Dougal Shaw is a journalist with the BBC who works in video. No stranger to using a phone to record video for broadcast, Shaw often uses his phone as a 'second unit' -- getting secondary shots on shoots or only using it to go where his other camera couldn't fit. However, according to his diary, one day Shaw showed up to a shoot with his batteries drained for his primary camera. At this moment Shaw explains that, "Rather than admit to this embarrassing fact, I casually switched to plan B: film with my phone instead." After being pleased with the result, Shaw decided to force himself to only use his phone to shoot for one month.
There is an inherent and misguided thought that a phone cannot or should not be used for professional purposes. That for some reason, to be professional you needed to have a big camera. Shaw shows us, and many others like him, that this is clearly not the case. That you very much can rely on a kit built around your phone to make professional-quality video. The phone is lightweight, can fit into many interesting places for interesting shots, and in many cases shoots in full HD.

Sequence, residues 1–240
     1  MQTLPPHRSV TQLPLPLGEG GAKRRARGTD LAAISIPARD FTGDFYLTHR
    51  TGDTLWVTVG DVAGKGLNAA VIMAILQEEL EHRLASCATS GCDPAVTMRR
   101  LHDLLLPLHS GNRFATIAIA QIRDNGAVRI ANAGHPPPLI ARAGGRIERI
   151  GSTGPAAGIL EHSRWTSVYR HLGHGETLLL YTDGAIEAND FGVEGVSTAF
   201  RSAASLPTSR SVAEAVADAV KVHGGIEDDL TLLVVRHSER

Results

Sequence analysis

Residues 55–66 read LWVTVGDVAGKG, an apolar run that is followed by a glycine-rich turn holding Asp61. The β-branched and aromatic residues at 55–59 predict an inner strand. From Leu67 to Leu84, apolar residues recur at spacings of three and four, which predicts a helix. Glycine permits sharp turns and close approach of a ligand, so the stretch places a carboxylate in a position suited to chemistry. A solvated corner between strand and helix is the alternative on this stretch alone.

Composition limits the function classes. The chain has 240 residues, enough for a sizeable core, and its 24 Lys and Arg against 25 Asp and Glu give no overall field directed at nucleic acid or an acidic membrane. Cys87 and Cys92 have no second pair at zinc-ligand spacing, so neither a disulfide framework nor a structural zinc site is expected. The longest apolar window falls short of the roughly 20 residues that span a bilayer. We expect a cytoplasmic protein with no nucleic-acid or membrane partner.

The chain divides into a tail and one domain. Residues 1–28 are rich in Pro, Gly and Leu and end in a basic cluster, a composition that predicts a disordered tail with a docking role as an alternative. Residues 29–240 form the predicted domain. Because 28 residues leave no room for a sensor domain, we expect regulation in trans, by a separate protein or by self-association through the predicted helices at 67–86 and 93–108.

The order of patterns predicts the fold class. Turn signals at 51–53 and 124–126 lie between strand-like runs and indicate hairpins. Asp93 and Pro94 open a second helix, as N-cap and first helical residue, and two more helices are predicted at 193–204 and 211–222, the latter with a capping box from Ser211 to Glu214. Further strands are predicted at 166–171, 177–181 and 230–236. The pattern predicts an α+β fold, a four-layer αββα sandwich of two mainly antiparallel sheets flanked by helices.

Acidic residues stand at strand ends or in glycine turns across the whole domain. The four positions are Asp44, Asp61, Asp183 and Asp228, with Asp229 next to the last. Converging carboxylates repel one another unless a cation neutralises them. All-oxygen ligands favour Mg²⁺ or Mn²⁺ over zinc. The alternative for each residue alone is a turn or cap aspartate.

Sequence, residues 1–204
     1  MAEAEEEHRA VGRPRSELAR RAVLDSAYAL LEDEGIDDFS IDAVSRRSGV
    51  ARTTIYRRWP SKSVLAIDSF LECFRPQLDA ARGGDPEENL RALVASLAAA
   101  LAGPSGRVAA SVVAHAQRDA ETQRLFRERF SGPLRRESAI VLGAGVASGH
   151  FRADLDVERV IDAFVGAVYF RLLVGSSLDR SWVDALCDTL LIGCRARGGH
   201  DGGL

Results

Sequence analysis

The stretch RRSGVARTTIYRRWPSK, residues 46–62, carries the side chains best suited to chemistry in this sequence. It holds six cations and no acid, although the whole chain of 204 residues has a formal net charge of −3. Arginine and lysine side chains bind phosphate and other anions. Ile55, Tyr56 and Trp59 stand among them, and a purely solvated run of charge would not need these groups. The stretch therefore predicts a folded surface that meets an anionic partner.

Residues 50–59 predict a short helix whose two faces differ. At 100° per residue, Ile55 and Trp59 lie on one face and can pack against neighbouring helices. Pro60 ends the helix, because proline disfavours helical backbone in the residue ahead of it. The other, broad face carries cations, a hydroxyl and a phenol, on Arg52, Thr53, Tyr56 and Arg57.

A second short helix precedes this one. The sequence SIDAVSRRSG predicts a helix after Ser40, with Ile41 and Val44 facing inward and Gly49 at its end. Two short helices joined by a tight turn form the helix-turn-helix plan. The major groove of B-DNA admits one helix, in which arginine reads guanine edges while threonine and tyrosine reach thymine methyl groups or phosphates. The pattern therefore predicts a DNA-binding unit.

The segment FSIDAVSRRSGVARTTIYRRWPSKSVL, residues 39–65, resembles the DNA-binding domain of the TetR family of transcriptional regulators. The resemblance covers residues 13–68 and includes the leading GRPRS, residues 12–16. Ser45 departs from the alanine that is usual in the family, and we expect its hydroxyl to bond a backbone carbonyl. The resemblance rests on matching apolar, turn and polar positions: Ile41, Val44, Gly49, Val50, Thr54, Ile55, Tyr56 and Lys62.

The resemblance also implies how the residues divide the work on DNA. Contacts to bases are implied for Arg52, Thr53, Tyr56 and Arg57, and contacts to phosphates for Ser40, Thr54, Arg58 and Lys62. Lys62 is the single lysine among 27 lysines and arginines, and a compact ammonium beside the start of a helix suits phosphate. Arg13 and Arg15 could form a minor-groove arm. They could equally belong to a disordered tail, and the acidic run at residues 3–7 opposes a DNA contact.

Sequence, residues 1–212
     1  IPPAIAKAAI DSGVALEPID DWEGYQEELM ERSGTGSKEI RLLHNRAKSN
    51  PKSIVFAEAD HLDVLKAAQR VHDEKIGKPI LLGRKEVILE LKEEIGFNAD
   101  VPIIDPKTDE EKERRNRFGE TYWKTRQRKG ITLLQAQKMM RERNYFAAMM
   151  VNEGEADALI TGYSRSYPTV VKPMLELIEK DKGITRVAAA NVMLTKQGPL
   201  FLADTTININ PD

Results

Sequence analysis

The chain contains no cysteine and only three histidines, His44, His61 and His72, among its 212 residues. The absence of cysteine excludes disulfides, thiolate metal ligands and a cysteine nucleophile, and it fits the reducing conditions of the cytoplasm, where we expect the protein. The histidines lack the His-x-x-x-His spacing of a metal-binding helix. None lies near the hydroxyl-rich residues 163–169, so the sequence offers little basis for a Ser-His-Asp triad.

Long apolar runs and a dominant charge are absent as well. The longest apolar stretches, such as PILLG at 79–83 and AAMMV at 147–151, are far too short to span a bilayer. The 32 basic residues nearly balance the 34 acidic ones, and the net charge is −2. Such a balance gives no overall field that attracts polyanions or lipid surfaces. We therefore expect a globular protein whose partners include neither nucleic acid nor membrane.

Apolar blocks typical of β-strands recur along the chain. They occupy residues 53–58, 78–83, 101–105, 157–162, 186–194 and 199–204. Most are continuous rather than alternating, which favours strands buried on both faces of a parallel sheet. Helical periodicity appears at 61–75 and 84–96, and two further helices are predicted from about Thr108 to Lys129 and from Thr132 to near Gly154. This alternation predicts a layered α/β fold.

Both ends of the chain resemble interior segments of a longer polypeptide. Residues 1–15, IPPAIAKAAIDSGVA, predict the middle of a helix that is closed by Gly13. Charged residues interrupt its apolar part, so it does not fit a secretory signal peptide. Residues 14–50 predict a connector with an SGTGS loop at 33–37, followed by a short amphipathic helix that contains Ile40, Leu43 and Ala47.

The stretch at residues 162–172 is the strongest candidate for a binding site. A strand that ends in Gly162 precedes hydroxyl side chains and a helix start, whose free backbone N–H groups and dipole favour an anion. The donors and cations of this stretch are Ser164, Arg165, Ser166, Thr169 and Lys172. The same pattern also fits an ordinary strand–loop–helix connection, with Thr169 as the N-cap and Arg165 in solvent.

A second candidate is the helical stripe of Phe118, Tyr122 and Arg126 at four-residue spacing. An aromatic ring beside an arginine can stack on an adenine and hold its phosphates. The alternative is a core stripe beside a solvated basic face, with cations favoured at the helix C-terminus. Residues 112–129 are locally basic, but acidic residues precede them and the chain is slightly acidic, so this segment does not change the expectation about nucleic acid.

Shaw recorded his thoughts and impressions throughout his month for a blog post for the BBC. Here's a quick sample of how it started out for Shaw:
Diary confession #1
I’ve done quite a bit of filming on my mobile before. In fact the most successful news report I’ve ever done was all filmed on a phone. And I find it very handy for interviews, to spice up an otherwise dull shot. I’ve even mounted it above my normal camera to get a dual wide shot. Today's editing software makes it easy to synchronise audio. It means one man can easily do a two-camera shoot these days.
Previously I’d done occasional binges of mobile-only filming as a video journalist who works solo. Now it was time to follow a strict diet. I was due to go to Amsterdam to cover The Next Web conference, providing a perfect opening challenge.
26-7 May, Amsterdam
The first benefit to mobile filming is that you travel light, which means you can shed pounds quickly – financially speaking. Rather than take a cab to Heathrow, I was able to jump on the underground with my rucksack, which also contained my overnight essentials. The second significant saving came at check-in. There was no need to pay around £30 for a bag in the hold, where my tripod would normally go. Finally, I sailed through security. Usually my large camera kit (a Canon C100) gets pulled up for inspection.
Read the full post here.